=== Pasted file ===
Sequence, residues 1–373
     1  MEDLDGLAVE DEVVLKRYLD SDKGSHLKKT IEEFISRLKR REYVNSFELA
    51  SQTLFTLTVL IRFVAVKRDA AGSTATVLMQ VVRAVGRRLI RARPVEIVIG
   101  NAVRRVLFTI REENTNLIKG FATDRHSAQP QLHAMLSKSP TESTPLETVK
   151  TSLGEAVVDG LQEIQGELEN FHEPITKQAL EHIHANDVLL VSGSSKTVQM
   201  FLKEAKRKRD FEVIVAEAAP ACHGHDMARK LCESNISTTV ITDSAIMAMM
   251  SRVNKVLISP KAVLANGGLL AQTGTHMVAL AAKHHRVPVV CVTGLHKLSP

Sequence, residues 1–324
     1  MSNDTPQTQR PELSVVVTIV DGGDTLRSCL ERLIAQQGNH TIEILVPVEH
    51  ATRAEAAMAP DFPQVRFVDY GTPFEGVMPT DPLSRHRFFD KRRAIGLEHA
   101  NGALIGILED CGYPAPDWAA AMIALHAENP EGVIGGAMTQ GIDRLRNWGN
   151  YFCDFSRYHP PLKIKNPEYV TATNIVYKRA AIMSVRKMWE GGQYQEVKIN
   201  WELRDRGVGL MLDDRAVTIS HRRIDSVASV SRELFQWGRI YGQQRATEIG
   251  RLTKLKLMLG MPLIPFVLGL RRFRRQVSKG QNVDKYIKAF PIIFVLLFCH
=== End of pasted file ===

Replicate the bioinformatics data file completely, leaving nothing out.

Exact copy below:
Sequence, residues 1–373
     1  MEDLDGLAVE DEVVLKRYLD SDKGSHLKKT IEEFISRLKR REYVNSFELA
    51  SQTLFTLTVL IRFVAVKRDA AGSTATVLMQ VVRAVGRRLI RARPVEIVIG
   101  NAVRRVLFTI REENTNLIKG FATDRHSAQP QLHAMLSKSP TESTPLETVK
   151  TSLGEAVVDG LQEIQGELEN FHEPITKQAL EHIHANDVLL VSGSSKTVQM
   201  FLKEAKRKRD FEVIVAEAAP ACHGHDMARK LCESNISTTV ITDSAIMAMM
   251  SRVNKVLISP KAVLANGGLL AQTGTHMVAL AAKHHRVPVV CVTGLHKLSP

Sequence, residues 1–324
     1  MSNDTPQTQR PELSVVVTIV DGGDTLRSCL ERLIAQQGNH TIEILVPVEH
    51  ATRAEAAMAP DFPQVRFVDY GTPFEGVMPT DPLSRHRFFD KRRAIGLEHA
   101  NGALIGILED CGYPAPDWAA AMIALHAENP EGVIGGAMTQ GIDRLRNWGN
   151  YFCDFSRYHP PLKIKNPEYV TATNIVYKRA AIMSVRKMWE GGQYQEVKIN
   201  WELRDRGVGL MLDDRAVTIS HRRIDSVASV SRELFQWGRI YGQQRATEIG
   251  RLTKLKLMLG MPLIPFVLGL RRFRRQVSKG QNVDKYIKAF PIIFVLLFCH